The Black Guy Who Tips

A Free Comedy Talk Show With the Motto - Nothing's Wrong If It's Funny

1490: Wine and White People

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Rod and Karen discuss more Usher revelations, people think condoms are useless, college student almost suspended, LGBTQ news, The Talk video, Confederate interview, NRA racism, White People News and sword ratchetness.

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4 Comments

  1. FalconsDiva

    07/27/2017 at 4:00 PM

    Thanks for sharing that Procter & Gamble video. I also had not seen it. Of course I had to go to youtube to see it. I love how it goes through history and how ‘the talk’ still needs to be had. I think that’s why the first little girl had a white doll, it appears they are from the 50’s/60’s.

    Procter & Gamble has had this My Black Is Beautiful (MBIB) campaign for some years. I first learned of it at Essence Fest back in 2009. I love what they do with it but I wish this video was something that was distributed to the masses, it’s on their MBIB page and I think it’s only on their MBIB youtube channel.

    On the Confederate show – I’m going to wait for your thumbs up before I consider it. I have no problems with movies or tv shows about black pain but I have so many shows that I watch now! Lately when I take on a new show it’s because y’all mentioned it on pre-game. You and Justin should get some sort of commission because that TBGWT bump is real.

  2. KneeHighMiah

    07/25/2017 at 10:12 PM

    That super mom chick just wants a TLC Show or something…

  3. Will they show more common sense?

    07/25/2017 at 7:21 PM

    Re: the show about the confederacy, I won’t say anything about the show itself, but I do have a comment about the portion of the interview that you read. I understand how those producers might have wanted people to wait for the show before making comments. However, they should know that was a patently absurd wish. Nothing about the way that the show was announced or the connection to GoT gave cover for people to wait and see. You could not have had a more “I’m not giving this any real thought” introduction than having it announced the way that it was. So if they want more benefit of the doubt, they should have played a bigger role in crafting the initial PR. Was this interview given to your boy Jason W or something?

    Also, when you said you can’t see Ben claiming he’s no sellout, I agree he might not use those terms. But he would absolutely play a victim of being considered ‘not black enough’ for his audience, and there are plenty of insiders that would play this up with the same level of indignation.

  4. Karen and Rod…this episode has got me in my feelings. When you were talking about the commercial of black mommas and their kids, I found myself tearing up as I think about all the little and big actions my parents did to protect me and my siblings…actions I still don’t know the full weight of.

    I am 27 years old. I grew up in Arkansas, and my parents sacrificed A LOT to put me and my siblings in a private, mostly white, Christian school. As an educator now, I have had a lot of conversations with my mother, a woman raised in public schools in Arkansas about how she made this decision and how it brought a lot of challenges, she began to talk about all the different fears she had. She grew up surrounded by black people and went to an HBCU so she felt rooted in blackness. She always mentions the first day I came back from kindergarten begging her to perm my hair because I didn’t like my braids anymore…because all the little girls in my class had straight hair. She talks about how I started drawing only white children in my pictures. She was terrified. She always talks about how she had many conversations with my dad about when and how to address blackness because she wanted us to be like all the other kids…knowing that we really couldn’t. My mother, knowing I loved reading, turned to books where I got to see kids who looked like me. For my brothers, they put them in sports programs purposefully through the local Y so that they would meet kids from all over my city. These are just small examples of how my parents protected us…I could write a whole pages about thousands of moments where my parents came through for me and my brothers.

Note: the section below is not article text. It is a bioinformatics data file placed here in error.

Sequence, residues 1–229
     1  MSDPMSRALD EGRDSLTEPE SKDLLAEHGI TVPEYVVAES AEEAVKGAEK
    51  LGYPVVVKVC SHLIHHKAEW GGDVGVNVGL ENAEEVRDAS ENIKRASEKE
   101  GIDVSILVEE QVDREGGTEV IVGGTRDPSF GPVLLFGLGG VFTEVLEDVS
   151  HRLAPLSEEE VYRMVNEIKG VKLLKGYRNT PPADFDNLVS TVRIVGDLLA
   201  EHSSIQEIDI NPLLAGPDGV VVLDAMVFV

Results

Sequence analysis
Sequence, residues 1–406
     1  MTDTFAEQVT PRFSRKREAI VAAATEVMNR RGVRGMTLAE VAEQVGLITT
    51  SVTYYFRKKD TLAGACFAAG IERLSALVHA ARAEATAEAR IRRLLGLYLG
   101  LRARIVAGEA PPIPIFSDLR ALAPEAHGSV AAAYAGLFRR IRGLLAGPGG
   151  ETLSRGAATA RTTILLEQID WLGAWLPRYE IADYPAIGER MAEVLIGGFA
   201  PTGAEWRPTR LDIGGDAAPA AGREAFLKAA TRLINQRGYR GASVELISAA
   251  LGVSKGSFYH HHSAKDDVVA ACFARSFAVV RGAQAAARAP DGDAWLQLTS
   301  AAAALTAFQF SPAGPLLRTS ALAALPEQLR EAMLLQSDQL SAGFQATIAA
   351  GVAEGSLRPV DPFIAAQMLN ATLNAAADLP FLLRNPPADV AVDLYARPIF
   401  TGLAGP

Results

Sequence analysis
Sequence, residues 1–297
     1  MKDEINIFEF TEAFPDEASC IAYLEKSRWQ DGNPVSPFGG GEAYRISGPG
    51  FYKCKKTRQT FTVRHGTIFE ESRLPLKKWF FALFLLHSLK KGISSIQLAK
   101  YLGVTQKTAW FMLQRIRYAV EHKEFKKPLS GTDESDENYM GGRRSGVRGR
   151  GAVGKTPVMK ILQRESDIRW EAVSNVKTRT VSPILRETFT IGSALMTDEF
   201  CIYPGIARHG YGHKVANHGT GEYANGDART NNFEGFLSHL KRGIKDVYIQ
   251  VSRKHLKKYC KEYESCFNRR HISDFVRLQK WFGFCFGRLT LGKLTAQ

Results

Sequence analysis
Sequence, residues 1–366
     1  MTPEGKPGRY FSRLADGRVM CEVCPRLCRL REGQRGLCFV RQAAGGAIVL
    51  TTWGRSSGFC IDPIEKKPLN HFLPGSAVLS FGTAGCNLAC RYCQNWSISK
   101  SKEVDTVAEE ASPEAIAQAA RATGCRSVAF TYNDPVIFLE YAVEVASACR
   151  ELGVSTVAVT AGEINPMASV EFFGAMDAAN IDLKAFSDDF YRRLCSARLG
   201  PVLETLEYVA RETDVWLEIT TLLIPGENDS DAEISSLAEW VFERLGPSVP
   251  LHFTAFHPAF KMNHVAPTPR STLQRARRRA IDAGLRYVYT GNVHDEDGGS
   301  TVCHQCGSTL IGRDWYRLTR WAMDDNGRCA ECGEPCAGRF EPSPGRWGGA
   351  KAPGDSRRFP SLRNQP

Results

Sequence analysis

Growing up, realizing my differences and how to deal with it was a series of conversations, I can’t point to just one, but the long reflective conversations I’ve had with my mom know makes me realize the agonizing hours my parents both spent trying to make us aware and proud of our blackness while still wanting us to be “normal” kids. I loved this commercial because it gave a glimpse into that. Each one of those scenes represented a moment I or my siblings have had with my parents. And only as an adult do I understand the weight of it. I’m sure if I have my own kids I’ll understand that burden even more.

    Thank you both for your thoughtful conversation about these issues. I’m gonna go over a post a review of this show.

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